We are starting to see a few more tassels around the area. Once we see those tassels the plant will no longer grow up (with new leaves) or down (by increasing root mass). We have the entire structure built, now it will concentrate all resources into the ear and producing seed. The leaf at the ear is the critical leaf on the entire plant now. We protect it by watching for nutrient deficiency coming up from the bottom of the plant in nitrogen or potash, and we protect it from disease coming down from the top (usually). I saw a study showing yield loss when removing all the leaves above the ear, all the leaves below the ear, and removing just the ear leaf. The removal of just the ear leaf had the greatest yield loss. We are going to try this and we will let you know what we find.
Growth up and down will end soon, this also means we have all the root mass we are going to get. A dry soil should allow plenty of root penetration, however, roots need soil contact, air, and water. We saw this earlier in the season with some rootless corn due to lack of moisture. Our roots can only take up the nutrients immediately near the root. A lack of moisture means not only less root growth, but also, a lack of nutrients moving in the soil solution to be diffused into the plant. A few good rains would definitely help push the potential as we get into grain fill. The charts are not new, but from the U of IL showing we still have a lot of nutrient uptake to go, and it all goes toward grain once we reach R1.
Sunlight is critical now. As these plants prepare to pollinate and through pollination, we need the “factory” running at 100%. That means photosynthesis helping produce sugars within the plant to help regulate temperature, keep nutrients flowing, and kernels pollinating. Full, bright sunny days and moderate temps will help get all those kernels pollinated. We can’t change the number around (we are finding a lot of 16-18 and even some 20’s), and we can’t change potential length. BUT we still need to pollinate every silk. Any stresses during pollination will cause the plant to “tip-back” and about the end kernels. Our best yields come from filling those ears all the way out. Some hybrids genetically will form a nose or tip-back, but getting them 45 long instead of 34 long is the first big step coming up.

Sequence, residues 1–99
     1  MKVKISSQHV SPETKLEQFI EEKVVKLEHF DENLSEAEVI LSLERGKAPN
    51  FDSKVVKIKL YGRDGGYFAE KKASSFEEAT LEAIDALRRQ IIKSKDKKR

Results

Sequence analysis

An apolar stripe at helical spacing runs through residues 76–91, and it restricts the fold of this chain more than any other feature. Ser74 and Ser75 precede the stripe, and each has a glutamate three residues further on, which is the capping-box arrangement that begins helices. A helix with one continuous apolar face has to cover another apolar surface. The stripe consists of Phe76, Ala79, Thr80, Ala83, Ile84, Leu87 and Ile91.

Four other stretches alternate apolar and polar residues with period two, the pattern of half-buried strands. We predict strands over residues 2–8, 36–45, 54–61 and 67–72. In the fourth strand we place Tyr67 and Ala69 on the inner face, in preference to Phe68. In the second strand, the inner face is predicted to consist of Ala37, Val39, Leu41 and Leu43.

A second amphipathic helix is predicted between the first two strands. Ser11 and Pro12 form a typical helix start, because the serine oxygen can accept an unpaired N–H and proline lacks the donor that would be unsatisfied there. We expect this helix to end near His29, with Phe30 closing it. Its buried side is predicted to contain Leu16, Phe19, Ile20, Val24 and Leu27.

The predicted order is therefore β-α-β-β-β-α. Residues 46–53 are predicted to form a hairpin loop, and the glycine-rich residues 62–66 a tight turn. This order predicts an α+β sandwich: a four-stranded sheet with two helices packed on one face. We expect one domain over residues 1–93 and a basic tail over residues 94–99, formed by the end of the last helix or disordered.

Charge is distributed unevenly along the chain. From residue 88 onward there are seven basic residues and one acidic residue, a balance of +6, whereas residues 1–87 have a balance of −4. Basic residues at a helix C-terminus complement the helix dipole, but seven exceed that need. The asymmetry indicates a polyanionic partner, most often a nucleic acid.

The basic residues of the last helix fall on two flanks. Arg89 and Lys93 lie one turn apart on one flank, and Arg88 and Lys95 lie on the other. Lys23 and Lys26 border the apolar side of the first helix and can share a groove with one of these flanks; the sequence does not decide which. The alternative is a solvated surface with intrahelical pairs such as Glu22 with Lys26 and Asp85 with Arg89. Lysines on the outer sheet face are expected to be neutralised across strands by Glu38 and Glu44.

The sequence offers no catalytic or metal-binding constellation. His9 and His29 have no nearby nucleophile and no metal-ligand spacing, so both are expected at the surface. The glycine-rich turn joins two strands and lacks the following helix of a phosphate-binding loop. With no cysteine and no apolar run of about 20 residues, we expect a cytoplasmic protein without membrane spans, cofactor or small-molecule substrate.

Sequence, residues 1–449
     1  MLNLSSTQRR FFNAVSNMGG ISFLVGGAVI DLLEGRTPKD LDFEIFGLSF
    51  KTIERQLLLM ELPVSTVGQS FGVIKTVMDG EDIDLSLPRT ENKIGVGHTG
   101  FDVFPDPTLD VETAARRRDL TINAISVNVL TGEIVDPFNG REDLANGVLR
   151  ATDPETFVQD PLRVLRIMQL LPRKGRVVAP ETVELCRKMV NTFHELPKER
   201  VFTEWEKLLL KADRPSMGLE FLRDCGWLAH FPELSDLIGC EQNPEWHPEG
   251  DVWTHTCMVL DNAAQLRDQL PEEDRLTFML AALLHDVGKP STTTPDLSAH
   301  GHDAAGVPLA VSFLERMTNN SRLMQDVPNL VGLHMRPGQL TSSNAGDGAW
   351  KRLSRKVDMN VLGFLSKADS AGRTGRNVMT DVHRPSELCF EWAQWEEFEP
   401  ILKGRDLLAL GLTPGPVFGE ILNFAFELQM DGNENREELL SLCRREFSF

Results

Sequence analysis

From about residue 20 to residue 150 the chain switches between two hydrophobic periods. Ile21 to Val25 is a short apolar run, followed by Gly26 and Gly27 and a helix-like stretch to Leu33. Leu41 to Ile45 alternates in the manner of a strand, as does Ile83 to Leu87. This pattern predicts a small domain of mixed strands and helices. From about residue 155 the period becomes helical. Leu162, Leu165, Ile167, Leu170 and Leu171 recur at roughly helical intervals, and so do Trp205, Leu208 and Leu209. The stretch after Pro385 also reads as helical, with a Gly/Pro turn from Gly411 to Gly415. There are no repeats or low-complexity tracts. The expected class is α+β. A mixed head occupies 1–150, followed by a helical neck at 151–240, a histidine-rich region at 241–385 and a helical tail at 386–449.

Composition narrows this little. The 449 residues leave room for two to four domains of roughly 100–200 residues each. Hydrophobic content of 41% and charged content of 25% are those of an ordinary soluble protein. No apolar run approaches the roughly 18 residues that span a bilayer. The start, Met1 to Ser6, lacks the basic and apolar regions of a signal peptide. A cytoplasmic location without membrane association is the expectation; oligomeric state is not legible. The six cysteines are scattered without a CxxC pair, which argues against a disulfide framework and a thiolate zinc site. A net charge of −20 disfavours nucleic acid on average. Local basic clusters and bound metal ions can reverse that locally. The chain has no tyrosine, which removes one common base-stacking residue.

Corn diseases – We were able to find a few leaves today walking fields with the first stages of disease starting. What we saw were the first signs of rust, some eyespot, and what appears to be gray leaf spot. The free water in the form of dew every morning now is going to increase the chance for not only fungal diseases, but also bacterial diseases such as Goss’ Wilt and bacterial leaf blight. A fungicide will not protect from the bacterial diseases. The fungicide will help protect from northern corn leaf blight, gray leaf spot, eyespot, rust, and tarspot (we haven’t talked about the last one much yet). Last year pressure was low and we always try to compare to the last year, but each year will be different. Looking back at notes, we’ve had seasons with no signs of any disease near tassel time and then the pattern changes, we get spores blowing in from the south and heavy dew in the morning and disease can advance quickly. Don’t start to cut back now, our last chance to put the top end on this crop is coming up soon. We are still taking names for the fungicide application list – we still have plenty of product. Veltyma seems to be the most common choice. Give us a call with any questions and how we can help you reach the top end yet.
Another point to consider – different hybrids have different responses as we’ve shown before. Some products need more protection during that pollination phase because they will abort the end kernels easier. Others need protection later because their yield comes from kernel depth. Timing your application to protect that plant as long as possible in the absence of current stress usually pays the best.